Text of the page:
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Google Hiring Programmers to Work on OpenOffice 538

Posted by ScuttleMonkey
from the money-and-open-source-like-peas-and-carrots dept.
massysett writes "Google is hiring programmers to work on OpenOffice.org. "We use a fair amount of open-source software at Google. We want to make sure that's a healthy community. And we want to make sure open source preserves competitiveness within the industry," said Google's manager for open-source software. Perhaps Google's work will address an oft-heard complaint about OO.o: "Google believes it can help OpenOffice--perhaps working to pare down the software's memory requirements or its mammoth 80MB download size.""
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Google Hiring Programmers to Work on OpenOffice

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  • Well (Score:2, Insightful)

    by justsomebody (525308)
    How about their free software for Linux first?
    • Re:Well (Score:3, Interesting)

      by cbiltcliffe (186293)
      Yeah, Google Earth on a Debian box would be unspeakably cool....

      Google Desktop Search might be better done as a GUI for many pre-existing Linux tools, though. Grep, locate, find, etc. all with a pretty Gnome or KDE wrapper.

      Having said that, I've never used GDS, and it might have some incredibly cool functionality that isn't replicated by any of the above. Even so, they could still probably write that functionality as a command line program and tie it into the same GUI, though....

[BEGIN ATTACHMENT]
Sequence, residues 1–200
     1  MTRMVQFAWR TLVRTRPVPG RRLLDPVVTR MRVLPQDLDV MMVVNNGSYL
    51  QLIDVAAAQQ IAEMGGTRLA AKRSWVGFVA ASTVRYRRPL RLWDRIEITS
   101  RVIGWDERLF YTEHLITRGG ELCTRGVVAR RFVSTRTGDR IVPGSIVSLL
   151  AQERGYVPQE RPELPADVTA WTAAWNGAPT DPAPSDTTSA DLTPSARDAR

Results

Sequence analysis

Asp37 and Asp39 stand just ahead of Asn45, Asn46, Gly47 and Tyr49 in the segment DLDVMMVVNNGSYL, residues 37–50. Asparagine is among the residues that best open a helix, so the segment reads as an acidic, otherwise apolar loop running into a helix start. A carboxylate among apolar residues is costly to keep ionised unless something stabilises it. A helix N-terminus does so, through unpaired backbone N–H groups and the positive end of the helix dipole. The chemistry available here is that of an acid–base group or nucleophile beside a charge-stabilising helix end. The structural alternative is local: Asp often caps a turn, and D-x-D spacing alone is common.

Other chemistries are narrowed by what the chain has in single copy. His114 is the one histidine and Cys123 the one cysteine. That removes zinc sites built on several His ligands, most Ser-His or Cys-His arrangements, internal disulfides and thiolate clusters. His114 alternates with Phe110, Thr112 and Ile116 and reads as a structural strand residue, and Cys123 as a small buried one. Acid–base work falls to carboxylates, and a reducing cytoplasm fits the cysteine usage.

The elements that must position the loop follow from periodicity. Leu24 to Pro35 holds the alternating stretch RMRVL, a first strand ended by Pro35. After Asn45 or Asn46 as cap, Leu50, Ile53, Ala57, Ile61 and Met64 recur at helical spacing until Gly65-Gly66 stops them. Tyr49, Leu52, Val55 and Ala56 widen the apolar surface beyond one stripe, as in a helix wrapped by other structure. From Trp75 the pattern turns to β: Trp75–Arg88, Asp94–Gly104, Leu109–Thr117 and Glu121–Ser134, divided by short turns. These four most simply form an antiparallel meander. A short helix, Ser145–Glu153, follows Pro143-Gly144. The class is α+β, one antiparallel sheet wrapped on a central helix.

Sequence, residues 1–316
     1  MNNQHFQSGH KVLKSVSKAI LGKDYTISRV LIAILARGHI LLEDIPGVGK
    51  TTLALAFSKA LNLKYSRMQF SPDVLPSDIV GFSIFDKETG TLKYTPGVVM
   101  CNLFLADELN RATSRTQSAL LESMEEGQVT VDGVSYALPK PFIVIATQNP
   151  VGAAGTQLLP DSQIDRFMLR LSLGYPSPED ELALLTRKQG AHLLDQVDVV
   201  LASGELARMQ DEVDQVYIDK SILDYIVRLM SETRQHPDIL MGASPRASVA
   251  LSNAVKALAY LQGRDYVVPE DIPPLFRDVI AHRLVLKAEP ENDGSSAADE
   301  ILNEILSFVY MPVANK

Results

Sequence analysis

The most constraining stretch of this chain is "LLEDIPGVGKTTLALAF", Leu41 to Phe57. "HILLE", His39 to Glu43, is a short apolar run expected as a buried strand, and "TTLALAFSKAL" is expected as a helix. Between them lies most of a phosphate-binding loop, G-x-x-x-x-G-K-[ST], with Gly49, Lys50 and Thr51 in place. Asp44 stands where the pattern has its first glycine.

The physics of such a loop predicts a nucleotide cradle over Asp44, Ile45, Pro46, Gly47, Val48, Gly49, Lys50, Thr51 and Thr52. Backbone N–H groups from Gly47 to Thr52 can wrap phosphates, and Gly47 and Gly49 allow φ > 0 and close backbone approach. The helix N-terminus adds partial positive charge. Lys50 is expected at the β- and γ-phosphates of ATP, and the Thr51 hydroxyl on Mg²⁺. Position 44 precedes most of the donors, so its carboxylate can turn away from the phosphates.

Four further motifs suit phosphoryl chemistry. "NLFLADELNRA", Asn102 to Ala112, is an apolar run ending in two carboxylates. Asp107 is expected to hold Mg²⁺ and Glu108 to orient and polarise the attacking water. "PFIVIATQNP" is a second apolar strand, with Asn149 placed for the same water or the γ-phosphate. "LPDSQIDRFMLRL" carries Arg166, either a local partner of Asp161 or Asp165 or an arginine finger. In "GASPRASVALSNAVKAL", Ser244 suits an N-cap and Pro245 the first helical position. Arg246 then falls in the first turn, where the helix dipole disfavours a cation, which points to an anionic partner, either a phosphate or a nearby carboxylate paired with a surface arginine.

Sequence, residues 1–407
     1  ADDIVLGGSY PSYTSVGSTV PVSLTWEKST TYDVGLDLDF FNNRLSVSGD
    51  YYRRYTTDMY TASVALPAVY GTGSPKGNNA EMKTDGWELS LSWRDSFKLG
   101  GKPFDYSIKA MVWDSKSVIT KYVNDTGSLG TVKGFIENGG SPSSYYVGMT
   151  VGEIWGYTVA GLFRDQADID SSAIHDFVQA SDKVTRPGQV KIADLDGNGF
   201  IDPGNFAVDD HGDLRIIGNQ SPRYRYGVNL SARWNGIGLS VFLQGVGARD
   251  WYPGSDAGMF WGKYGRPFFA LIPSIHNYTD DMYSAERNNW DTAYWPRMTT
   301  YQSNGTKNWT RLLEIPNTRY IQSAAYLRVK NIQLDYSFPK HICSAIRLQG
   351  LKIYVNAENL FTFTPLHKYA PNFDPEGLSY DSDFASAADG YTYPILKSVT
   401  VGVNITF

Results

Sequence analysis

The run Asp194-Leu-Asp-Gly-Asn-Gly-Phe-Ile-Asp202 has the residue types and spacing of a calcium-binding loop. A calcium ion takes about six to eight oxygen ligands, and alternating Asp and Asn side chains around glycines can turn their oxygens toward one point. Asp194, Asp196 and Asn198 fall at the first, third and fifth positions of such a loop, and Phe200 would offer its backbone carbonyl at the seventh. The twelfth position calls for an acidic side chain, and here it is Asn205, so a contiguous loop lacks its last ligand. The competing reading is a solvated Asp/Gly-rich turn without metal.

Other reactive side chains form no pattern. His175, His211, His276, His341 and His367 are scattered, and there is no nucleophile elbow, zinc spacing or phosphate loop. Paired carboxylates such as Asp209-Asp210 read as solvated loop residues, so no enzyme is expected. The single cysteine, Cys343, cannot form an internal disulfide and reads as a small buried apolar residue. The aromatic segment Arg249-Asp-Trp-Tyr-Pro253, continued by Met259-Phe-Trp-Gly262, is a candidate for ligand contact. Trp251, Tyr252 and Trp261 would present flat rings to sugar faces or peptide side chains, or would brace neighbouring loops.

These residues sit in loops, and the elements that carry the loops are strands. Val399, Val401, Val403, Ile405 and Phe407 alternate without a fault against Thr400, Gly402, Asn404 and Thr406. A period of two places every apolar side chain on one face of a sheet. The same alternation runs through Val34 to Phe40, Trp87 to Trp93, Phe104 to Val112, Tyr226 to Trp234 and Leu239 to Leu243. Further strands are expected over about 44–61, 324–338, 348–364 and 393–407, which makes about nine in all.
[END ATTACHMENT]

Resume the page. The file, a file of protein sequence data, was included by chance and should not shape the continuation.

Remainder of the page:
• Re:Well (Score:4, Interesting)

      by Coneasfast (690509) on Monday October 31, 2005 @04:51PM (#13918443)
      or how about forget the memory usage, just make it start up fast, i mean seriously i would switch the OO.o if they would

      (although i must admit, reducing memory usage and speeing up startup does overlap)
      • Re:Well (Score:5, Informative)

        by riflemann (190895) <riflemann@bb.cTE ... t minus caffeine> on Monday October 31, 2005 @05:43PM (#13918885)
        As pointed out many times, turn off Java in the OOo options. It will start a *lot* faster.
        • Re:Well (Score:3, Informative)

          by thrillseeker (518224)
          As pointed out many times, turn off Java in the OOo options. It will start a *lot* faster.

          I just tested this 5 times with the option on and with the option off. It averaged 10 vs 8 seconds. Twenty percent improvement is nothing to sneeze at generally, but 2 seconds just doesn't give a huge improvement feel.

  • Or better yet (Score:5, Interesting)

    by syntap (242090) on Monday October 31, 2005 @04:45PM (#13918367)
    maybe they can dedicate some Google programming talent to getting an Outlook-killing, cross-platform PIM introduced into the suite. 2.0 introduced a database component, and now it's time to even out the offering. I like Evolution but would like to see a cross-platform PIM in the suite as an alternative.
    • Re:Or better yet (Score:5, Informative)

      by tcopeland (32225) * <tom&thomasleecopeland,com> on Monday October 31, 2005 @04:53PM (#13918455) Homepage